"I imagine it'd be impossible for them not to be. I mean, even if neither side exactly lies, we each have to try to let people understand why we did what we did. That will influence what facts are presented. All we can do is try not to let it influence how the facts are presented."
"I guess so." And they lapsed into another silence.
After a while, Darius said, "I guess you probably can't really talk too much about your own past. As a Sorreter, I mean. But is there anything you can tell me? Anything about any childhood friends, or... anything?"
Cameron sat silently for a minute, eyes closed and head bowed. Finally, he sighed deeply, lifted his head, and ran a hand back through his hair. His eyes he left closed, leaving Darius to watch where they were going. "I never really had any real friends, as a kid. I liked people too much, or rather, didn't dislike them enough. Or really at all."
"Um... I wanna say you sound pretty lucky, because most people meet at least a few people they don't get along with. But I don't understand what you mean; shouldn't you have had lots of friends, then?"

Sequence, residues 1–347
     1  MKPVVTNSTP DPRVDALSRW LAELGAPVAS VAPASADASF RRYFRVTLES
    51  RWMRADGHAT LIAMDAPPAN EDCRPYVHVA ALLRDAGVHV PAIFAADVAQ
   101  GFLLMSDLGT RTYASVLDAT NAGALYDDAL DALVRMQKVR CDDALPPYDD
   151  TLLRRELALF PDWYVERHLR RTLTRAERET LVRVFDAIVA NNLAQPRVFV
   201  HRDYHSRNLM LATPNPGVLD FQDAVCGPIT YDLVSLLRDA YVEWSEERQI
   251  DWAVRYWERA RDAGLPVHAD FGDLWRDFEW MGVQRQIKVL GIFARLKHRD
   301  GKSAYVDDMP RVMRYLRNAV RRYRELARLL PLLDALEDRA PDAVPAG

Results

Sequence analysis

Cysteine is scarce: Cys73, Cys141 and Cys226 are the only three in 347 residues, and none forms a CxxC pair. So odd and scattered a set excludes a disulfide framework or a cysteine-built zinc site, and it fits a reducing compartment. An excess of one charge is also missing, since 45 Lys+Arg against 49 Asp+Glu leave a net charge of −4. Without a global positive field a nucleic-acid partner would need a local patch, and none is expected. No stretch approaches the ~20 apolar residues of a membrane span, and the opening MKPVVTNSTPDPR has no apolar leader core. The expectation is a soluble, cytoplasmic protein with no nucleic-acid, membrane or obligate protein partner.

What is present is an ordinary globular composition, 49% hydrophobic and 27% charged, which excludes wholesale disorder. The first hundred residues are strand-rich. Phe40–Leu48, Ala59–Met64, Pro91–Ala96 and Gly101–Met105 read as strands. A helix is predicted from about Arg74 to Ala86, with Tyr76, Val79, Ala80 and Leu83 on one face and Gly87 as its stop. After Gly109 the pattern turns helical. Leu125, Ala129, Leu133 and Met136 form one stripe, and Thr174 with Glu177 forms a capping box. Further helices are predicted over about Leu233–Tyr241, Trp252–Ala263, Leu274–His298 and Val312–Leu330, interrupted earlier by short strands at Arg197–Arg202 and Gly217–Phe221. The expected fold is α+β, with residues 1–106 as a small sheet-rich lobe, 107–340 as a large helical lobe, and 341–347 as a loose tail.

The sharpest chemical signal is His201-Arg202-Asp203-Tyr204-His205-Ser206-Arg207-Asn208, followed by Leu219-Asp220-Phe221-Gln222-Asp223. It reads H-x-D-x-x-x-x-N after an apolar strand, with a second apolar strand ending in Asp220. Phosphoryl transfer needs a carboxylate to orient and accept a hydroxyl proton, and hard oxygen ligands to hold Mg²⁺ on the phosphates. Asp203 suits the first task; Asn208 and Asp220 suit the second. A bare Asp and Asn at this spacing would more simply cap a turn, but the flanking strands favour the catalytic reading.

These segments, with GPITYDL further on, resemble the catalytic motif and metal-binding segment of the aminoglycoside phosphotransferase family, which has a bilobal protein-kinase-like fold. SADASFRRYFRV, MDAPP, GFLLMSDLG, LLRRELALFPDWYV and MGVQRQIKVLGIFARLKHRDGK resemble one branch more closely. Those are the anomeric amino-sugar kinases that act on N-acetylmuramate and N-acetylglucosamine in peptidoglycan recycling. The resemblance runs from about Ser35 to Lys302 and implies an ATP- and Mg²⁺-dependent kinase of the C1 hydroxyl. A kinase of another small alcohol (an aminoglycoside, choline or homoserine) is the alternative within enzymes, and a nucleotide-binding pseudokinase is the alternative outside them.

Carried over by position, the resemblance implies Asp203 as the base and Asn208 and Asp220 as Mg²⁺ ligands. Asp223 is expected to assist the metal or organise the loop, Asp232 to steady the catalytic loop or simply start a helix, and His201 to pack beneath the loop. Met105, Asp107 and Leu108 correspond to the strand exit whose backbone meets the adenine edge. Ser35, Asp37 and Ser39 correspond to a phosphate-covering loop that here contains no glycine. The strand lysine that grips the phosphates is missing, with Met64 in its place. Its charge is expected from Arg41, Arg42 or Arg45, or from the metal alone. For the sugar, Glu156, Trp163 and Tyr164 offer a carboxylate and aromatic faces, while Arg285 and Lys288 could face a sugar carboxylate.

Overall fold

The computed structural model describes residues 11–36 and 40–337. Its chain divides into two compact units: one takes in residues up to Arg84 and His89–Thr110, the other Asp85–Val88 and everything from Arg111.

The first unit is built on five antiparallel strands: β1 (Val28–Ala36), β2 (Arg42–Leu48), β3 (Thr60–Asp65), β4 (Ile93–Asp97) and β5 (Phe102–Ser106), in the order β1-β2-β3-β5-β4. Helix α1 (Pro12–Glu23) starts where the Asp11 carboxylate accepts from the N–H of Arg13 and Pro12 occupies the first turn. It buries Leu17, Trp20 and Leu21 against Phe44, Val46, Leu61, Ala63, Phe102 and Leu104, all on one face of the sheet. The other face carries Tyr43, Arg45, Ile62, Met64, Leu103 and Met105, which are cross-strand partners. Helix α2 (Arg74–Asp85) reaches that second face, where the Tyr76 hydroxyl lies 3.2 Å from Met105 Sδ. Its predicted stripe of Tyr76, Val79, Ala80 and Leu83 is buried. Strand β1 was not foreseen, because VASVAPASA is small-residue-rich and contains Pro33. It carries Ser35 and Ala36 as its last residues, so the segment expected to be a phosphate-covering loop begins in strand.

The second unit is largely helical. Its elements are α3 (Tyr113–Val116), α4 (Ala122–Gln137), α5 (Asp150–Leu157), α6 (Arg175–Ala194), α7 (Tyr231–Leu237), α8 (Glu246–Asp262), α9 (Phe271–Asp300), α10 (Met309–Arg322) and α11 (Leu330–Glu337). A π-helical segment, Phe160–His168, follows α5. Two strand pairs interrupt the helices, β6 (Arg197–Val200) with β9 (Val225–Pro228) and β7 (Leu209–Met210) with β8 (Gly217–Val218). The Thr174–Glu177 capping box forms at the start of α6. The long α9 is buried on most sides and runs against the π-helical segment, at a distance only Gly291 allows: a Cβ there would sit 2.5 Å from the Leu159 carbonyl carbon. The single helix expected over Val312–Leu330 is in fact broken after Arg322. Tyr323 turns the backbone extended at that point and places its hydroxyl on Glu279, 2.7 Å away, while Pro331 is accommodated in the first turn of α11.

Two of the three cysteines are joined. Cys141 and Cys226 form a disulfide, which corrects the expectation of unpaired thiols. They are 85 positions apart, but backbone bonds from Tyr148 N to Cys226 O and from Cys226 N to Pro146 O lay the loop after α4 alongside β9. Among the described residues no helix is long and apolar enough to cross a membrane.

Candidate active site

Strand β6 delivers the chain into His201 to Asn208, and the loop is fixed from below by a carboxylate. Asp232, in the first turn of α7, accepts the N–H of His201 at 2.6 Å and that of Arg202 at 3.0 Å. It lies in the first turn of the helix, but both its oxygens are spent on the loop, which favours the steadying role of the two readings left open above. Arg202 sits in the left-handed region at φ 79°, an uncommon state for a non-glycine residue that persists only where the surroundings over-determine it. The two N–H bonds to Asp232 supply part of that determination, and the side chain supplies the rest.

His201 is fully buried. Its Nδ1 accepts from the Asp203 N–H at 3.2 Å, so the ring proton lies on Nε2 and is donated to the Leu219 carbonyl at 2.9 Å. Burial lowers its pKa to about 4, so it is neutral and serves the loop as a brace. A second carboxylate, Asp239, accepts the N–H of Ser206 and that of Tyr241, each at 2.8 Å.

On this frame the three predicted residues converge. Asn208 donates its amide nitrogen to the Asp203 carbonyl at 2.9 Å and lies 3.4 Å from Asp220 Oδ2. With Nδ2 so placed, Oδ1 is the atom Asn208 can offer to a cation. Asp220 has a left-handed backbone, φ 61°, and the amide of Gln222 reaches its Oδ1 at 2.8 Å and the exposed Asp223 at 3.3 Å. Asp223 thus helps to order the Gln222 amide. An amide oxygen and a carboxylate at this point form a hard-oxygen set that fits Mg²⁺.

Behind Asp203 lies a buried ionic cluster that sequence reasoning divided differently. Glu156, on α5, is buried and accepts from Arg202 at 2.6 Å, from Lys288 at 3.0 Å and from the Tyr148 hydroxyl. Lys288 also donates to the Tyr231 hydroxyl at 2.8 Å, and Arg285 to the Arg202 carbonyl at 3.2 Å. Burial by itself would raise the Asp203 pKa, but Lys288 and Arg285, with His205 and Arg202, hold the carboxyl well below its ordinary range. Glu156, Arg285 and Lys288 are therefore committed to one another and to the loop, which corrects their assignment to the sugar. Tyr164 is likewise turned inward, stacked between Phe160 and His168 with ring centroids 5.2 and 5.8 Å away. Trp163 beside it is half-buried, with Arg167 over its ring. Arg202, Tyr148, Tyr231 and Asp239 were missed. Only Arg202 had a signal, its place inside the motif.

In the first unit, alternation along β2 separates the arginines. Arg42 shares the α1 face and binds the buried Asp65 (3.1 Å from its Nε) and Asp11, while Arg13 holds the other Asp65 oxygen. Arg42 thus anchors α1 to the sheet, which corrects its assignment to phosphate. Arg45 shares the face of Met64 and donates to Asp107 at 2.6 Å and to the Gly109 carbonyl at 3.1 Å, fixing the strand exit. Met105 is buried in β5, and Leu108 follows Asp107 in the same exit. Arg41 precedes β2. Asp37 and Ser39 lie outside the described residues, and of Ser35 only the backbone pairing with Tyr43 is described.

"I developed a theory to explain this to myself, I mean, why I didn't have friends. In the first place, why do we have the friends we have?"
"Well, because... because we have things in common."
"Exactly. This includes both the things we like and the things we dislike. And both of those include people. Once I had that in mind, it didn't take me long to realize that, in fact, the strongest friendships seem to be based on disliking the same kind of people."
"I... um, well, I'll admit that can be part of some friendships, but do you think it's really the most important part, usually?"